The Give Back spirit is an integral part of the life of Gonzaga goalie Nolan Hickman, strengthening Seattle’s youth through basketball

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The idea came to Gonzaga first-year goaltender Nolan Hickman a few years ago after his annual kids’ basketball camp concluded in his hometown of Seattle.

Maybe we should make a foundation of it, Hickman thought. “I got my whole family together and we got it started. We first made a website and it blew up from there.

This is how Hickman, with much help from his family and loved ones, became the founder of The Give Back Foundation, which intends to transform the health and well-being of young people within communities. by providing families with essential resources, according to the foundation’s website.

It’s easy to identify how Hickman became motivated at such a young age to even consider starting a foundation. Significant help goes to parents Nolan Sr. and Champale.

They made a point of helping others in the Seattle community, and not just during the holiday season. They volunteered in a variety of capacities, usually with young Nolan in tow if he wasn’t at practice or a game.

“Nolan has always been a donor,” Nolan Sr. said. “We would feed the homeless in soup kitchens, things of that nature, and he would be there, handing out hats and blankets. He was still leading the pack.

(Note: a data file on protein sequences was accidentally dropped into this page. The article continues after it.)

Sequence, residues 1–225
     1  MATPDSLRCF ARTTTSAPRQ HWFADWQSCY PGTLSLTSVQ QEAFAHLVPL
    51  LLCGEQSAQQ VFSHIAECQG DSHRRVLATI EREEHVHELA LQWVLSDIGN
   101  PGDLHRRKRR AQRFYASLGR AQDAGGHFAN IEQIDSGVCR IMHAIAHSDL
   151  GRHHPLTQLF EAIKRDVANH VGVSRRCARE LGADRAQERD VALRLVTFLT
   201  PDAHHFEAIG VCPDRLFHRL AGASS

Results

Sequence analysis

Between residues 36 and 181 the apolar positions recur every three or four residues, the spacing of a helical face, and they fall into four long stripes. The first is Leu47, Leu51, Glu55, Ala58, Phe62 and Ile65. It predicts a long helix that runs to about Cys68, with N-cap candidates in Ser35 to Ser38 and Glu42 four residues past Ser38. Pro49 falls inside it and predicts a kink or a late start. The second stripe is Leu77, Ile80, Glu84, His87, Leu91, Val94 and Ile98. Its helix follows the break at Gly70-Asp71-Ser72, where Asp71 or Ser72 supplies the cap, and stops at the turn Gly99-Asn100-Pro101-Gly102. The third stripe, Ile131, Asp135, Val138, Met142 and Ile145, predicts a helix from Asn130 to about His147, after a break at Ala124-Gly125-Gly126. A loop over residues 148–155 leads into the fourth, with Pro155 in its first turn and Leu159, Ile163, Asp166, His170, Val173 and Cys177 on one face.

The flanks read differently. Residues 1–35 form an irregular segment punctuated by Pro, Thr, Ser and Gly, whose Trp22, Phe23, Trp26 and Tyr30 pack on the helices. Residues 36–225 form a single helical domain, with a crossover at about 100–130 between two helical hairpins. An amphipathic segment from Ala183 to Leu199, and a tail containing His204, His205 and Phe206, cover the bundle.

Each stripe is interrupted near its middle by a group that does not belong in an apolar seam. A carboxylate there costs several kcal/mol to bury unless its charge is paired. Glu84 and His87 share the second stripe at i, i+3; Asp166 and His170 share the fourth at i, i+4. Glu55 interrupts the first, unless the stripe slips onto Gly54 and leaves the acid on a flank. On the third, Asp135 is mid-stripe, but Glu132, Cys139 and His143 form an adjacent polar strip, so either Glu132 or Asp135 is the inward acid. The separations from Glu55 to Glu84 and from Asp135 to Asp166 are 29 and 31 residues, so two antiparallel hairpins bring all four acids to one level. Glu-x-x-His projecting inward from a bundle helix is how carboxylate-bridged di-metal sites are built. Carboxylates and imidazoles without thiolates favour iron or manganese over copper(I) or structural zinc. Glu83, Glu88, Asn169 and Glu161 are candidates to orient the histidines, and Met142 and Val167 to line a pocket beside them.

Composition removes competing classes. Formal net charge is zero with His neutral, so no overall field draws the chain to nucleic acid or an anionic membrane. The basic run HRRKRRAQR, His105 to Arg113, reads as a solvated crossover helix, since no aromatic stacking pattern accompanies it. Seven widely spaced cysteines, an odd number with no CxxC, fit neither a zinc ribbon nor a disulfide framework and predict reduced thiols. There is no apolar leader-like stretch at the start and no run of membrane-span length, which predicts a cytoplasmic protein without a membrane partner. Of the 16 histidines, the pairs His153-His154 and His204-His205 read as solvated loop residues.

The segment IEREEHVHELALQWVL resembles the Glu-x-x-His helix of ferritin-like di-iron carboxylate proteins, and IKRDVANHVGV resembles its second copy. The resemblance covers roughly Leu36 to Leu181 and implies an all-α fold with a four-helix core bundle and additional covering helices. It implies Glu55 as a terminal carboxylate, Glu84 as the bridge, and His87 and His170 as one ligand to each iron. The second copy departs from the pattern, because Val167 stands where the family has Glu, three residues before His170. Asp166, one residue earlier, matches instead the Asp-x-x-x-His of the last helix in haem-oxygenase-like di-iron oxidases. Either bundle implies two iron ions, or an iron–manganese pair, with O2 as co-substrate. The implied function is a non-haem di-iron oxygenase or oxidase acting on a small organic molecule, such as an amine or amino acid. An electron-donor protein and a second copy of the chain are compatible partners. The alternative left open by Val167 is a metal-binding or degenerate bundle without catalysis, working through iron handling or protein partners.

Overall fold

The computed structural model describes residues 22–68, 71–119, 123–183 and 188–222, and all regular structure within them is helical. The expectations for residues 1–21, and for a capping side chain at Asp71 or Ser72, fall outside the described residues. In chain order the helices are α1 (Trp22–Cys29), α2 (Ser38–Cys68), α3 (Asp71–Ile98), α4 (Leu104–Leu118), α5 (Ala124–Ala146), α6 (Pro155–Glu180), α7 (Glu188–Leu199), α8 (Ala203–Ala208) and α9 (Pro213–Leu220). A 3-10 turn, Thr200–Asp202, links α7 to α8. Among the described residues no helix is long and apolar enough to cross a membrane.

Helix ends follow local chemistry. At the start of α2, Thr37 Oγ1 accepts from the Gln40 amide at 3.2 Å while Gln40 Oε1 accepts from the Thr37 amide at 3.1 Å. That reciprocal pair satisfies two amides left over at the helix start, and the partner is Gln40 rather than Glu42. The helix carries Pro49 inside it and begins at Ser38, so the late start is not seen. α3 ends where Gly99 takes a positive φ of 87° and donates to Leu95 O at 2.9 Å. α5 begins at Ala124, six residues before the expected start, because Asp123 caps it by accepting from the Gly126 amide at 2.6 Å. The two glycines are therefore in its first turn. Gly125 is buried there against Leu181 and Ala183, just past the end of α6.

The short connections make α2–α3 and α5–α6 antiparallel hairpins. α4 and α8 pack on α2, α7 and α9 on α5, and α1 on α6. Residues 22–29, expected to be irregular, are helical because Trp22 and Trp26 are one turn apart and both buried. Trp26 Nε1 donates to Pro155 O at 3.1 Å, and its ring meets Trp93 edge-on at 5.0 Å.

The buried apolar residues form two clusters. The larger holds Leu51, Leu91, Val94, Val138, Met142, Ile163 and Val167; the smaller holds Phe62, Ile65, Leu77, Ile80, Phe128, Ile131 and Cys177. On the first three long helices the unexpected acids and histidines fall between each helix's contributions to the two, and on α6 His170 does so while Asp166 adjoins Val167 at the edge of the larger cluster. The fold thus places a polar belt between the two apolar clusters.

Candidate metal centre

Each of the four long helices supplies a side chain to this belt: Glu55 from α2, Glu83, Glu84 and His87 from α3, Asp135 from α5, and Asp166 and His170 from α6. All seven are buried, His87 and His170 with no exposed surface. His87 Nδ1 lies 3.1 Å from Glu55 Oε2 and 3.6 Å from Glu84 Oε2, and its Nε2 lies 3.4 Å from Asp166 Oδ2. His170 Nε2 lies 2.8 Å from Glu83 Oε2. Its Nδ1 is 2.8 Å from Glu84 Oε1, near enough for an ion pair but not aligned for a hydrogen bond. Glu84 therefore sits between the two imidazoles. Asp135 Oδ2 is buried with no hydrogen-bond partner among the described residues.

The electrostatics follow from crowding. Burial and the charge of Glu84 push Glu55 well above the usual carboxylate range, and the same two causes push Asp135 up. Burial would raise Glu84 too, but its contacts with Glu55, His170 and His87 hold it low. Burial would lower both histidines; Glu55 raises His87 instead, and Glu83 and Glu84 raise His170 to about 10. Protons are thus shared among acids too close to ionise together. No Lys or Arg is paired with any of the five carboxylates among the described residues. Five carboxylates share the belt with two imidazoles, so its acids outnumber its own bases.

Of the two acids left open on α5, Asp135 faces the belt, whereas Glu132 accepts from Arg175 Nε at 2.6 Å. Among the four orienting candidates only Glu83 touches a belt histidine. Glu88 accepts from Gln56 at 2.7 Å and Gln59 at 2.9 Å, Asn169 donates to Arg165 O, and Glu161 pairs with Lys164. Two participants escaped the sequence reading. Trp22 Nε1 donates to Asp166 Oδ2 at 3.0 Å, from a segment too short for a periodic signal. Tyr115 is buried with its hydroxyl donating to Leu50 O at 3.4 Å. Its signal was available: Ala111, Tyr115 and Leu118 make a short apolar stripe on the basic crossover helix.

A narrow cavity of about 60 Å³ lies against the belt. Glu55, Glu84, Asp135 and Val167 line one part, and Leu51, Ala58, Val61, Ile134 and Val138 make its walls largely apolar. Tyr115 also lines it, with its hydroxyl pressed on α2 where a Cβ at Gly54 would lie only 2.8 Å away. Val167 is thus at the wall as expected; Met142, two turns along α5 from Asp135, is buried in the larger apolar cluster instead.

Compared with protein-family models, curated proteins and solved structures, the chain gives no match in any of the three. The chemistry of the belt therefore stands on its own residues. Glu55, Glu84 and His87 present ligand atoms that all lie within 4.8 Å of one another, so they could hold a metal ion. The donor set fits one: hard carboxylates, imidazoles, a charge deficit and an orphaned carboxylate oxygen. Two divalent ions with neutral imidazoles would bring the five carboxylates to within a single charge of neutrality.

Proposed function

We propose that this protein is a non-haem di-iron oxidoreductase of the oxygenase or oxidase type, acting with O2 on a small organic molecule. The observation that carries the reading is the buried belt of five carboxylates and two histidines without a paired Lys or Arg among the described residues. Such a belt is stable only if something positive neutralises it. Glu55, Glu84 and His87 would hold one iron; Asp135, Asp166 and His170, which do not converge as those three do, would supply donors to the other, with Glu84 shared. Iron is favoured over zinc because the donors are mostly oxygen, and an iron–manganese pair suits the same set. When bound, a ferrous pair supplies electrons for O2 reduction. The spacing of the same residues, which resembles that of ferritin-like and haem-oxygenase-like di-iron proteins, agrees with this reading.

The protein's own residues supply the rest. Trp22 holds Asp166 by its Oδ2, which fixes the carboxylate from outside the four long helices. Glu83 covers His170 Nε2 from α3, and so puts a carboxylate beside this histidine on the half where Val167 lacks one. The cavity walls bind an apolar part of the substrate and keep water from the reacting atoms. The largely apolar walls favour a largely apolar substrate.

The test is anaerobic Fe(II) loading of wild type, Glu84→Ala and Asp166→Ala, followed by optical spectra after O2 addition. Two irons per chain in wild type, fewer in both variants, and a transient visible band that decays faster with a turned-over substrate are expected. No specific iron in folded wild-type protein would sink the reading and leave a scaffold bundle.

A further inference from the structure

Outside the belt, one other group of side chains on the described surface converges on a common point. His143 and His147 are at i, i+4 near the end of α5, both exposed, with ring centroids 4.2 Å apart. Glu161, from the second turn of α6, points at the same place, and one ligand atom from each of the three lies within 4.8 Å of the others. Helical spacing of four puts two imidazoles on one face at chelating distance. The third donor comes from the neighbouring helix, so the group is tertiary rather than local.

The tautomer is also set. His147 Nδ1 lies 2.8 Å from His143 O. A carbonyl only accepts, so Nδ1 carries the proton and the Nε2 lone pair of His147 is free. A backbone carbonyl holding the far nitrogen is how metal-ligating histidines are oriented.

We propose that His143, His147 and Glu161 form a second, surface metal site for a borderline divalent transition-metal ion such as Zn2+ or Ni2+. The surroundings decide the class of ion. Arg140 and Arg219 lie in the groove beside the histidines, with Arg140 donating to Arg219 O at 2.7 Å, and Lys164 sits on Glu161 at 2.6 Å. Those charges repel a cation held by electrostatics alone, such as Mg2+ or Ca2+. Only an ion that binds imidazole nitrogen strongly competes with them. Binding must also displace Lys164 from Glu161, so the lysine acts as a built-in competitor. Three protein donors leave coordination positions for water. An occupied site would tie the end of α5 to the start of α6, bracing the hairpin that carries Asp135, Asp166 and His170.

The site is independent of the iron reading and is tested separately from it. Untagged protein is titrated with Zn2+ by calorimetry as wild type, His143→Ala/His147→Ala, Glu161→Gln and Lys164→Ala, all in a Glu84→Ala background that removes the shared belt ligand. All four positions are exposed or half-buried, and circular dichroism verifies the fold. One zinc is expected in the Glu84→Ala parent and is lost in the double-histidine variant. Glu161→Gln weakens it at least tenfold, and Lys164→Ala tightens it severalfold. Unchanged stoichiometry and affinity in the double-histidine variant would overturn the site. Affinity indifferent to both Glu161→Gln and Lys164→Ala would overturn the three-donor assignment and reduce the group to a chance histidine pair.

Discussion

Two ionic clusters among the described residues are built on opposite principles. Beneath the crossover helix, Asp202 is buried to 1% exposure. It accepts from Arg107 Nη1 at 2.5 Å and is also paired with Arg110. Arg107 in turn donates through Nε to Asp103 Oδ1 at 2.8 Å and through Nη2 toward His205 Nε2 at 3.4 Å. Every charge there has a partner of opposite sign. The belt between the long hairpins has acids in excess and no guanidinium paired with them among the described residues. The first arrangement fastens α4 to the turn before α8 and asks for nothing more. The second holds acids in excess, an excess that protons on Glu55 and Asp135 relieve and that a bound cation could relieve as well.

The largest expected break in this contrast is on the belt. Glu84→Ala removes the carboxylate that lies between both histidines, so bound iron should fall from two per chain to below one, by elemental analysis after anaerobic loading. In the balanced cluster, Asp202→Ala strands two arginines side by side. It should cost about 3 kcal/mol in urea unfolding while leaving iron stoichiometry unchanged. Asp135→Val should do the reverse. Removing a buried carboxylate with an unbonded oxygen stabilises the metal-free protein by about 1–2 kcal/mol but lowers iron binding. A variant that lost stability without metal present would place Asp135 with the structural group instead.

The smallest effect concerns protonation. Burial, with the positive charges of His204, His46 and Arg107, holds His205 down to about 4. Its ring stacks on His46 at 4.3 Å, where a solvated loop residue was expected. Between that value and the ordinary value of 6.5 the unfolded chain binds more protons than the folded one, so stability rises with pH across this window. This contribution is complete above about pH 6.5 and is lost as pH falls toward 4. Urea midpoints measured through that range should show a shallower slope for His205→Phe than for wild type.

Their message of giving back struck Hickman in more ways than one.

“This is something my mom used to say to me, ‘If you have the chance to do something for someone less fortunate why not do it,” said Hickman, 18, who credits his mother with doing something for someone less fortunate. the idea of ​​the name of the foundation. “It’s something I’ve been living with for a long time.

“Just because of the simple fact that I grew up in the same community that I give back. Seeing them, me cooperating with them and doing the big brother’s things in the community, it warms my heart.

And countless other beneficiaries of Hickman’s philanthropic efforts. His parents beamed with pride when their son broached the idea of ​​the foundation, but they wanted to make sure that Nolan was actively involved in all aspects.